The name Cohen is common among both Sephardim and Ashkenazim, making it one of the most widespread Jewish names of all time. In fact, it is the most common family name in Israel today, followed by Levi, Mizrahi, Peretz, Bitton, and Dahan.

Its meaning is fairly straightforward, as the Hebrew word kohen means “priest,” indicating that the bearers of this name are (usually) members of the priestly clan, descendants of Aaron the High Priest.


Depending on where one’s ancestors lived, spellings can include Cohn, Kogan, Kagan, Kahan, Kahn, and Cohan.

Among Ashkenazi Jews, this name is often accompanied by patronymic suffixes, stretching into Kahana, Kahane, Kahanov (or Kaganoff), Kahanowitz, and Kahanaman, each of which can be splintered into several alternative spellings.

The native English-speaker can sometimes wonder how Cohen becomes Kagan, which are pronounced so differently, but the mystery is cleared up when one realizes that the names of many of our ancestors were recorded in Russian.

Russian has no /h/ sound, so the /g/ is used instead. Also, in Russian, the difference between the “o” and the “a” is often blurred. Thus, Kohen can easily become Kagan, which we English speakers further mangle by pronouncing Kay-gan instead of Kah-gan.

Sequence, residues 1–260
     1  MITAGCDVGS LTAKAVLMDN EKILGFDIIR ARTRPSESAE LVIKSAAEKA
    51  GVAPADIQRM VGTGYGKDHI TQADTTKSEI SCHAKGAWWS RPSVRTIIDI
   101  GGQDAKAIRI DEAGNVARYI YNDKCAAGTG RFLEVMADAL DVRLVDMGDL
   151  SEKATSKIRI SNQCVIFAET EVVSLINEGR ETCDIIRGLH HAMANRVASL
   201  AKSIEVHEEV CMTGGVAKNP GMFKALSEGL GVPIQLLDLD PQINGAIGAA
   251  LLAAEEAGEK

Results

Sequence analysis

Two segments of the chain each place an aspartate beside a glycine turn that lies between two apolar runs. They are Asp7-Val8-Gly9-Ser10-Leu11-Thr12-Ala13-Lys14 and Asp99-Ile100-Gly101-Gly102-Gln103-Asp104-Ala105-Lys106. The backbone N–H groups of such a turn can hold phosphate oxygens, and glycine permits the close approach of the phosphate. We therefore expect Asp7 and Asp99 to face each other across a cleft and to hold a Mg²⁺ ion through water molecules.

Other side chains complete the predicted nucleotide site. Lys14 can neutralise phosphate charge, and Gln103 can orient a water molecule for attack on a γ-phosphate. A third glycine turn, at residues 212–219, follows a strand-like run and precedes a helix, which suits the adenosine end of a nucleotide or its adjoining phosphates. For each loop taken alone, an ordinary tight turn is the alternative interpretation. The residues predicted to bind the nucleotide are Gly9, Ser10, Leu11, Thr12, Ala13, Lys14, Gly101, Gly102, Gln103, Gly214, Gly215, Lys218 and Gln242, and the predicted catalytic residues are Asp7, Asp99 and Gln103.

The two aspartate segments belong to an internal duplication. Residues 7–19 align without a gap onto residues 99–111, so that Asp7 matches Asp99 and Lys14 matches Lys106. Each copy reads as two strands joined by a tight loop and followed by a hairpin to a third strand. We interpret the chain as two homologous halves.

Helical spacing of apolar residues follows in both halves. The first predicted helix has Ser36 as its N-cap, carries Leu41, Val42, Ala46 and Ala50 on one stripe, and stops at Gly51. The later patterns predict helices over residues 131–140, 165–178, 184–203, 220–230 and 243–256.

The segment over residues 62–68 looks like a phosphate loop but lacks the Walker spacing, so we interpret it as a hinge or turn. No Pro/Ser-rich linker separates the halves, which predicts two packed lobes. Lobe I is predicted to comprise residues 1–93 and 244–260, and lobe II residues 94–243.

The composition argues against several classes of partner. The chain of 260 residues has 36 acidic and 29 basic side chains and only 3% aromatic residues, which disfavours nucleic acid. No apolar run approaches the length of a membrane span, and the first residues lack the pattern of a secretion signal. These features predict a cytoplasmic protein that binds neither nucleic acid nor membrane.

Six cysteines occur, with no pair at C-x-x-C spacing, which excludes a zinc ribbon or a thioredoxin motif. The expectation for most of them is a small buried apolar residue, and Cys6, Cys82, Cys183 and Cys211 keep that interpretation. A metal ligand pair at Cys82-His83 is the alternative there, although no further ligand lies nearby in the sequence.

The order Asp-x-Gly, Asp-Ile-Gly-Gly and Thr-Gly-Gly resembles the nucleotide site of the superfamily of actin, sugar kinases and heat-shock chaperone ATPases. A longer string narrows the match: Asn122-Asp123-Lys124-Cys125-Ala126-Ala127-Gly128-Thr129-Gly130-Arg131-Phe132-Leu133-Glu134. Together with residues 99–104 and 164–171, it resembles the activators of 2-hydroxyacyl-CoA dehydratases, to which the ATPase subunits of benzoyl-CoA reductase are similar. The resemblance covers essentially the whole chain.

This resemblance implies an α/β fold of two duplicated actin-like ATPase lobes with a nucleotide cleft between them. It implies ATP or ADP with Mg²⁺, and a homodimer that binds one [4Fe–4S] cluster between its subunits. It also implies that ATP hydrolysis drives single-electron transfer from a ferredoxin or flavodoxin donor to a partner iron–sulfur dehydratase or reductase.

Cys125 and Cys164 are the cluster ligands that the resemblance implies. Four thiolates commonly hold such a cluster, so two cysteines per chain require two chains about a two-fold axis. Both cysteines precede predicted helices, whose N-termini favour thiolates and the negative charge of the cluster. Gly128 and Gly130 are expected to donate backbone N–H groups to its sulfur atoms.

Among Persian Jews, Cohen sometimes appears as Cohen-Zada, as the suffix “zada” means “son of” or “part of,” denoting that the bearers are part of the priestly Kohen clan.

Is Every Cohen a Kohen?

Is the fact that one bears the last name Cohen (or one of its variants) proof of priestly ancestry?

No! Due to the reasons outlined here, it is not uncommon for someone bearing any of the above names to have no tradition in their family that they are of priestly stock. Indeed, only those who have reliable reason to believe that they come from a direct male priestly line are to be considered Kohanim, last names notwithstanding.

In traditional Hebrew, used when one is called to the Torah and other instances (including headstones), a bona fide Kohen has the appellation “ha-Kohen” affixed to his name. Thus, Yosef Cohen, the son of Yaakov and Rachel, would be referred to as Yosef ben Yaakov Ha-Kohen.